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Sports Massage Not Just for Elite Athletes

  May 07, 2017


By Michael Haught, Keystone Body Therapies

Sports and fitness are a major part of many people’s lives. Most people understand the benefits of diet and exercise in order to stay healthy, but many are still unsure about the benefits of massage therapy and alternative care.

Sports massage has been around for thousands of years. The Greeks and Romans were very clear on the benefits of massage on the athletes of their day. Galen (AD 30-200), who was a well-known Roman physician, prescribed massage for the gladiators both before and after exercising. At the 1924 Paris Olympic Games, a Finnish runner named Paavo Nurmi, the “flying Finn,” brought a personal massage therapist with him. Paavo won five gold medals in running events. He claimed his success was in part due to his training program, which included massage therapy treatment. In the late 1970s, sports massage became a modality unto itself within the U.S. with more specific training taking place for the practitioner to be able to address the specific needs of athletes whose bodies are undergoing intense physical exertion and stress.

Some still tend to think that massage is just a luxury, or that sports massage is for elite athletes. The truth is that sports massage is beneficial to everyone who is active, no matter the age, skill level, or experience. Receiving sports massage will increase range of motion, decrease inflammation, and speed up recovery time, as well as enhance muscle performance and reduce the risk of injury. The therapist will focus specifically on areas of overuse that might be more prone to injury due to continuous repetitive motion.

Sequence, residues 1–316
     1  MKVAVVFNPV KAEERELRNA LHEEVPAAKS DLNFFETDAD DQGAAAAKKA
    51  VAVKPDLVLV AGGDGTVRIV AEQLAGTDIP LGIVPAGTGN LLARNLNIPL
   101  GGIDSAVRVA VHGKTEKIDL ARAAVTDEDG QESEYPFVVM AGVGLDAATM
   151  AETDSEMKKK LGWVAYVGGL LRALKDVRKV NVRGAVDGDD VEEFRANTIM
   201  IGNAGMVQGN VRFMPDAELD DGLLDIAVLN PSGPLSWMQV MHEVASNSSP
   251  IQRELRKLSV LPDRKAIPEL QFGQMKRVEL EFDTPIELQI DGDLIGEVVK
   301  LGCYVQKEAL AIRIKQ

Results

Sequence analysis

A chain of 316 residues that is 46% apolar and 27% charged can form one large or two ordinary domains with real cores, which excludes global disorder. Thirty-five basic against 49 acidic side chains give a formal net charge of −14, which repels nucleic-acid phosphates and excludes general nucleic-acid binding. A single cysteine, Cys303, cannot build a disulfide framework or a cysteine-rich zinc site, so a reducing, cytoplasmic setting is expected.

Massage can be effective before, after, and in-between sporting events. In a pre-event session, typically 30 minutes to two hours before the event, the therapist will work at a more rapid pace to stimulate and loosen muscle tissue. This will allow more blood flow to the muscles, enhancing performance and minimizing the chance of injury. Post-event sessions are typically slower and include more stretching than in a pre-event. The main goal of a post-event massage is to increase blood flow, decrease inflammation, and release adhesions in the muscles. These can be performed the same day, after muscles have cooled down and relaxed.

A case study on the effects of post-event massage on ultramarathon runners showed a significant decrease in delayed-onset muscle soreness. 240 runners were tested and their pain scale averaged over eight when they started and decreased to around three after the massage. Along with pre and post-event massage, it is recommended that the athlete also receive regular maintenance massage during their training. An analytical review of 22 case studies proved that maintenance massage yielded high positive effects after high-intensity workouts for trained and untrained athletes.

If you or anyone you know participates in sports or other activities and would like to learn more about the benefits of sports massage, schedule a free consultation today. Contact Keystone Body Therapies in Chandler at 480-686-8647 or book online at www.keystonebodytherapies.com. Back to Top

May 07, 2017

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